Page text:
Needs 5 Ratings

The Mounted Stranger (1930)

Boy's father is murdered. As an adult, he tracks down the killers.

Director:

Writers:

(story "The Ridin' Kid from Powder River") (as H.H. Knibbs), (adaptation)
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Cast

Complete credited cast:
...
Buddy Hunter ...
Pete as a boy
Milton Brown ...
'Pop' Ainslee
Fred Burns ...
Steve Gary
...
'White-Eye' (as James Corey)
...
'Spider' Coy
Walter Patterson ...
Spider's lookout
...
Mrs. Coy
...
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Storyline

A young Pete Ainslee sees Gary kill his father. Years later Pete shoots Gary but Gary recovers and he and his gang trail Pete to Spider's border saloon. They capture him but he escapes the saloon and escapes again when being chased bringing about a showdown between Gary and his antagonistic henchman White-Eye. Written by Maurice VanAuken <mvanauken@a1access.net>

Plot Summary | Add Synopsis

Plot Keywords:

homesteader | murder | revenge | See All (3) »

Genres:

Western

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Details

Country:

Language:

Release Date:

8 February 1930 (USA)  »

Also Known As:

Domador de Mulheres  »

Company Credits

Production Co:

 »
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Technical Specs

Runtime:

Sound Mix:

(Western Electric Sound System)

Aspect Ratio:

1.20 : 1
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Did You Know?

Trivia

The first film project of Glenn Strange. See more »

Connections

Version of The Ridin' Kid from Powder River (1924) See more »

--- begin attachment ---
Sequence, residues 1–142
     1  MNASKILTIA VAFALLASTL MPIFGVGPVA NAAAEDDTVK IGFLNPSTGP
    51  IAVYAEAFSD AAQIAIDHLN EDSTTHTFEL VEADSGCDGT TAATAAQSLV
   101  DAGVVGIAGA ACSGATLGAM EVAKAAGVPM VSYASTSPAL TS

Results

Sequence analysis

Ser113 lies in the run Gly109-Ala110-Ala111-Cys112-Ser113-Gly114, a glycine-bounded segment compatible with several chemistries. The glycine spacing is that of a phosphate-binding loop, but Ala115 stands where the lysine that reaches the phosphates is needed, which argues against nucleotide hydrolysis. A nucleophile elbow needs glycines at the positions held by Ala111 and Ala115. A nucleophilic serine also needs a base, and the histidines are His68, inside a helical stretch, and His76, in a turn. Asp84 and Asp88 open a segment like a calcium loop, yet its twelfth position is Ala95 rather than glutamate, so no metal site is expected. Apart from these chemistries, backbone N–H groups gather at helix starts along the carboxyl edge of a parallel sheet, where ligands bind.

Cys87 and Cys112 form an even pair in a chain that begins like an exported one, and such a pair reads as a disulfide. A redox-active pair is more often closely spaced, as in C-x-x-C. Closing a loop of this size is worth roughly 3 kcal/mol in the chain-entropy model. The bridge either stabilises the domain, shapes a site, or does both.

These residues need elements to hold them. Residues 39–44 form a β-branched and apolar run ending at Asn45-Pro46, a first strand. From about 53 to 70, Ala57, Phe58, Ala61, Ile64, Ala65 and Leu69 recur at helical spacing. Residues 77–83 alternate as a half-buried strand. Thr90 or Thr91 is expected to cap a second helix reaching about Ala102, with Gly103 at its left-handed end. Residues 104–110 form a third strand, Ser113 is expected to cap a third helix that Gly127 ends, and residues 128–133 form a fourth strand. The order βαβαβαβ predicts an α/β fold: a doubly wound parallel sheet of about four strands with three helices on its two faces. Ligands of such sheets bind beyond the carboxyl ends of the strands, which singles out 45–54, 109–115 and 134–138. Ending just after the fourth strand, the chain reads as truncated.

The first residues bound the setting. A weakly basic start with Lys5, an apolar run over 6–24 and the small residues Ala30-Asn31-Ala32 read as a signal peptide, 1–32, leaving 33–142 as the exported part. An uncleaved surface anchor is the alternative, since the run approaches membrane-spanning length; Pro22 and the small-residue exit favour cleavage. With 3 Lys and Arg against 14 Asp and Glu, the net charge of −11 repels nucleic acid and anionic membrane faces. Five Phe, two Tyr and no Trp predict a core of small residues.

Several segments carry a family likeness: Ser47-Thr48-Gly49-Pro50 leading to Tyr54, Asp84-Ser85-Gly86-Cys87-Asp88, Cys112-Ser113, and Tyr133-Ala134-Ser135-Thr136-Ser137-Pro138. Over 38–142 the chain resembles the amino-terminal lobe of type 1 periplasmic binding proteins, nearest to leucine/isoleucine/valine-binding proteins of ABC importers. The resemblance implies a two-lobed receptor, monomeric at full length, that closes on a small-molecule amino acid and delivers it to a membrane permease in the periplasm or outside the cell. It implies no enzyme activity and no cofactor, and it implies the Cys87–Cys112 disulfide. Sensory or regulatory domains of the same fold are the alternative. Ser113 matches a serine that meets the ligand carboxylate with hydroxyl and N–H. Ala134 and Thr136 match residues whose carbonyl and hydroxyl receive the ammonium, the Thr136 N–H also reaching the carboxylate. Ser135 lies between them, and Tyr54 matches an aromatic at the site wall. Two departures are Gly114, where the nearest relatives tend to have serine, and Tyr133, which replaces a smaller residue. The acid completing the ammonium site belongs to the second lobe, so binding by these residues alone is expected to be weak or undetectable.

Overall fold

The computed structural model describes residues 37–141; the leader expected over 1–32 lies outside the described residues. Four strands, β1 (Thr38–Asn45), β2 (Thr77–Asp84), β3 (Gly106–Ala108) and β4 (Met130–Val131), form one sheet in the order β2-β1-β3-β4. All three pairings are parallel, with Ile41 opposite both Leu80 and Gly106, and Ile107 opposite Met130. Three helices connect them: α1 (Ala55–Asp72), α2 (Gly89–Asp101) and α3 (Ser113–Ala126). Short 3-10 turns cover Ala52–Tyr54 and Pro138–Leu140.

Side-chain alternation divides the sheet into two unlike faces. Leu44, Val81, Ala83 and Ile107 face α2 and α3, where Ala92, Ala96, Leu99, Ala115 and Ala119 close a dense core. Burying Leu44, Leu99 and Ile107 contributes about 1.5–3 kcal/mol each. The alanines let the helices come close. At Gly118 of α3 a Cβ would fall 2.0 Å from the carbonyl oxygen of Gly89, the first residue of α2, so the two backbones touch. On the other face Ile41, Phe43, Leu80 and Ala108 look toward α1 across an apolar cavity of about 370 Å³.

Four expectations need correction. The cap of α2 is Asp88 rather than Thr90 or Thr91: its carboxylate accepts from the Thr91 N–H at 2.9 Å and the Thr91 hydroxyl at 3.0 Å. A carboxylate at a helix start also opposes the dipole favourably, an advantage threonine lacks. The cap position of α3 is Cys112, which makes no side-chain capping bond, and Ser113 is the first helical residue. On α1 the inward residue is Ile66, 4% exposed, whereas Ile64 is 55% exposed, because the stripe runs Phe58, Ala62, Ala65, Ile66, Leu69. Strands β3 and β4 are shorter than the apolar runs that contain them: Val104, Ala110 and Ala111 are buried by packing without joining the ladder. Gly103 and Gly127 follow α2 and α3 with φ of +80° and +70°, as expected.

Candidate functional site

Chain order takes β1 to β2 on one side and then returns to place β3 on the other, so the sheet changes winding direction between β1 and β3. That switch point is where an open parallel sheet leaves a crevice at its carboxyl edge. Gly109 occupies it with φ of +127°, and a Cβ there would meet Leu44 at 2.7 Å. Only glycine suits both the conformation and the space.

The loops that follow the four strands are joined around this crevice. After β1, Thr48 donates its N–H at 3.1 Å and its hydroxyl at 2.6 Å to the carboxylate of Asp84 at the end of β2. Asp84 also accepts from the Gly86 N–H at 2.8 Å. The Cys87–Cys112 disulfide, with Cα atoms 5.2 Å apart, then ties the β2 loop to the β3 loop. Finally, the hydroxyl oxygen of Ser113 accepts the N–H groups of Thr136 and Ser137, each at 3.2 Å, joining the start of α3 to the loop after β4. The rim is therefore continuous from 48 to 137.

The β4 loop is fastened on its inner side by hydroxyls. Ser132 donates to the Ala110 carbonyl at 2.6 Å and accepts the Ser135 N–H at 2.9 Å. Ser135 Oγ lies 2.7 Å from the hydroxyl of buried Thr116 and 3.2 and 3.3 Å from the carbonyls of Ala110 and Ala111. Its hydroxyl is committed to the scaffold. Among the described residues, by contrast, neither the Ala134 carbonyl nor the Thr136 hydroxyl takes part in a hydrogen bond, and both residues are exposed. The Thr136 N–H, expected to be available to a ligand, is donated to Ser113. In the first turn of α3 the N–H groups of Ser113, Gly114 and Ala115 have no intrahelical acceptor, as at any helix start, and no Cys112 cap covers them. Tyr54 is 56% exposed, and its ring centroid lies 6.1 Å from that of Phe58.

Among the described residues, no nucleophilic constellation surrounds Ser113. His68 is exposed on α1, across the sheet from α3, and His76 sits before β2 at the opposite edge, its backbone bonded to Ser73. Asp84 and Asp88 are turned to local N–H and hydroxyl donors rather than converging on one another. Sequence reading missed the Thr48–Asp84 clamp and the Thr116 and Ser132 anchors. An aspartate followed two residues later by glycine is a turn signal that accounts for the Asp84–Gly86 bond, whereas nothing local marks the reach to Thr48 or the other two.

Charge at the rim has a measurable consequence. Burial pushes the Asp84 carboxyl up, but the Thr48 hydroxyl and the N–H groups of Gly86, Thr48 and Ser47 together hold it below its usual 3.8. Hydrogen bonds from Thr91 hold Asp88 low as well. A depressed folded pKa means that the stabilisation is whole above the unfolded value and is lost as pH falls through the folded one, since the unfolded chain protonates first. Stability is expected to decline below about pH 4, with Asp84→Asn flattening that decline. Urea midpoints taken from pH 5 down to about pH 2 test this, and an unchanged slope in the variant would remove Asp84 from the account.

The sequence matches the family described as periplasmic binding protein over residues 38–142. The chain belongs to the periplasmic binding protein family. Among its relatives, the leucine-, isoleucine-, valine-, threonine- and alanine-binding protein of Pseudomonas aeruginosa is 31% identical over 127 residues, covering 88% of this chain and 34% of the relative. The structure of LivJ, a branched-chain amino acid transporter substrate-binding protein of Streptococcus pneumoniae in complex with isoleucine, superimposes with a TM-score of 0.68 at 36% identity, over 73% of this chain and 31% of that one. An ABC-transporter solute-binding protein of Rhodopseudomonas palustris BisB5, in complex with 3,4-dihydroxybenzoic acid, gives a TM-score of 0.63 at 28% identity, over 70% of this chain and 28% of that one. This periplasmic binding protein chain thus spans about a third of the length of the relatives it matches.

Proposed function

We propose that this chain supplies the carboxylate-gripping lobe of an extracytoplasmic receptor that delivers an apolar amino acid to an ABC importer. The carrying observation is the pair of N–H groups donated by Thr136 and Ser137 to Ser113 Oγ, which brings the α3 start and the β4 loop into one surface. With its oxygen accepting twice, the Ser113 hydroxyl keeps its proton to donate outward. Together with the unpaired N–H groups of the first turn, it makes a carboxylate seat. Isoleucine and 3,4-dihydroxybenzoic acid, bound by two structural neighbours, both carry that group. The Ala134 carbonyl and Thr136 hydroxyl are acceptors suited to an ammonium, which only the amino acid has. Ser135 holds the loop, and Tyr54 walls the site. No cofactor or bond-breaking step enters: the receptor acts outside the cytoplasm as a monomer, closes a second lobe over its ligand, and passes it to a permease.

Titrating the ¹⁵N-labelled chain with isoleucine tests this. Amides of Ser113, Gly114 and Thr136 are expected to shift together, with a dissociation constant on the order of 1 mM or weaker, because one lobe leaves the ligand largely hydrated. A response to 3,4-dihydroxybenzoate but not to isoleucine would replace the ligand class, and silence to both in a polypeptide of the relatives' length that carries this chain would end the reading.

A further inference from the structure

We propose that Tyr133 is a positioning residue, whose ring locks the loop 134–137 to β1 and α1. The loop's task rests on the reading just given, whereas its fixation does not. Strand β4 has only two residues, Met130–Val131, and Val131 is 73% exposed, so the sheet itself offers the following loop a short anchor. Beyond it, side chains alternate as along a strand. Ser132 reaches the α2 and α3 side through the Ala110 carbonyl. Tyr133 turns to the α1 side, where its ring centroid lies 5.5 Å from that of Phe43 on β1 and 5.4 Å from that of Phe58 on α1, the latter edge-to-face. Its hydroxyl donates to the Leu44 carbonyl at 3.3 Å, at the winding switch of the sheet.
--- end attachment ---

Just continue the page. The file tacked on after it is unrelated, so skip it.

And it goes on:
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User Reviews

 
Too Noisy
25 January 2011 | by See all my reviews

This early sound film for Hoot Gibson shows a shaky fear of the sound gear. Hoot is a little slow in speaking his sides, and quite declamatory; and the sound people keep filling in the background as if they are afraid of the hiss of sound-free pictures. If you ignore the soundtrack, what you are left with is a fine silent western; this was also released in silent form -- in 1930, a lot of small town movie theaters hadn't converted to sound and Gibson was very popular for Saturday matinées. Director Arthur Rosson, who did a lot of second-unit work for Demille, has cinematographer Harry Neumann shoot it in late-silent style, frequently from a child's point of view and usually with strongly framed figures against dark backgrounds. Hoot gets to perform a couple of his nice comic turns, particularly with Louise Lorraine. But at this stage he is still getting used to the microphone. Fans of old B westerns will enjoy themselves, but those less dedicated might do better with the silent version or with Gibson vehicles from a couple of years later.


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